At Large : Get going
At graduation ceremonies across the nation, this month and next, in secondary schools, colleges, graduate and professional schools, two themes, witlessly popular at the moment, will be common. Someone will advise graduates to follow their dreams. Others will tell graduates to offer themselves in public service.
In a gymnasium, a football stadium, on folding chairs set out on tarps to protect a basketball floor, beneath tournament banners and folded backboards and hoops, to the families, underclassmen, teachers, and graduates, such adjurations may seem mildly incomprehensible. At least, I hope they may.
The modest, civilized, amiable, well-educated people dominating most of these audiences will recall that they are living lives, not dreams, and that they have worked very hard to strengthen and enrich their families and businesses, the basic structural molecules of our remarkable, free, and exceptional society.
Of course, all of them have had dreams, some of which have been realized. Many of them have served their country, community, or fellow man, but all of them know that the successful route from graduation to grandparent-hood and retirement has required less dreaming and more doing, and a cautious balance between serving others and cultivating the well-being and success of one's family, one's profession, and perhaps one's business.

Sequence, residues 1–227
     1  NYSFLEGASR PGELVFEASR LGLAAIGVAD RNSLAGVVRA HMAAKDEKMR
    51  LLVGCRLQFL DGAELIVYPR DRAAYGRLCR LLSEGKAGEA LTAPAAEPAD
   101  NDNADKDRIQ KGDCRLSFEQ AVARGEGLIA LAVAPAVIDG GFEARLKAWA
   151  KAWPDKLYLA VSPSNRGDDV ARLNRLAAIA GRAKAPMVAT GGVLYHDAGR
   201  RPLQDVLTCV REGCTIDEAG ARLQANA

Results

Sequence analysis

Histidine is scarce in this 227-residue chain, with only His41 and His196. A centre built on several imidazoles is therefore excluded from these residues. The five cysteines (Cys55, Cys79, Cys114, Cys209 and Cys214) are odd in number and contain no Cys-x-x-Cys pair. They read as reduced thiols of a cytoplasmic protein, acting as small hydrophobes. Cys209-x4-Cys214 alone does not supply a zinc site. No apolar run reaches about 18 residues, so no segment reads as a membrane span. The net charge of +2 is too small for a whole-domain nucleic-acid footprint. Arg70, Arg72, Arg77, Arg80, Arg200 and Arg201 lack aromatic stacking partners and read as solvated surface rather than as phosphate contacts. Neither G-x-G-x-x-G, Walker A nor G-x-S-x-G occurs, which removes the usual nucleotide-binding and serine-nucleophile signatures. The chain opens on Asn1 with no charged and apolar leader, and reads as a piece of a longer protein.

In these simple, lovely, promising gatherings, there may have been stirring summonses, perhaps a call to harken to distant trumpets, or to "make a difference" or "change the world" or "save the planet." It is quite possible that some of this spring's graduates will do one or the other of those things, or at least help. We'll see, and hope. But, what seems most likely, given the congenial, accomplished, relaxed and confident mood of these graduation interludes, is that these bright young people will become terrific friends, neighbors, fathers, mothers, grandparents, citizens, employers, discoverers, wealth makers, and contributors. And, these graduates ought to be told, all that will be plenty, and crucial.
Graduation day is one of those occasions that brings out the aphorist in everyone. Big day, one thinks, the words will have to be mighty. Can't have that hollow, meaningless sound words usually have. Big day, big thoughts.
Graduates will certainly be charged by graduation speakers with saving the globe, uniting the races, lifting the third world out of poverty, dulling the appetites of the first world, curing cancer, living their dreams, and, by the way, having fun. The last, of course, seems unlikely with all that difficult work ahead. No one will remind the graduates that all of these tasks require supreme individual effort by the farsighted or the sorely afflicted. That it's not merely, perhaps not ever, political leadership that gets these things done, but rather earnest, every day doing, by striving everyday people.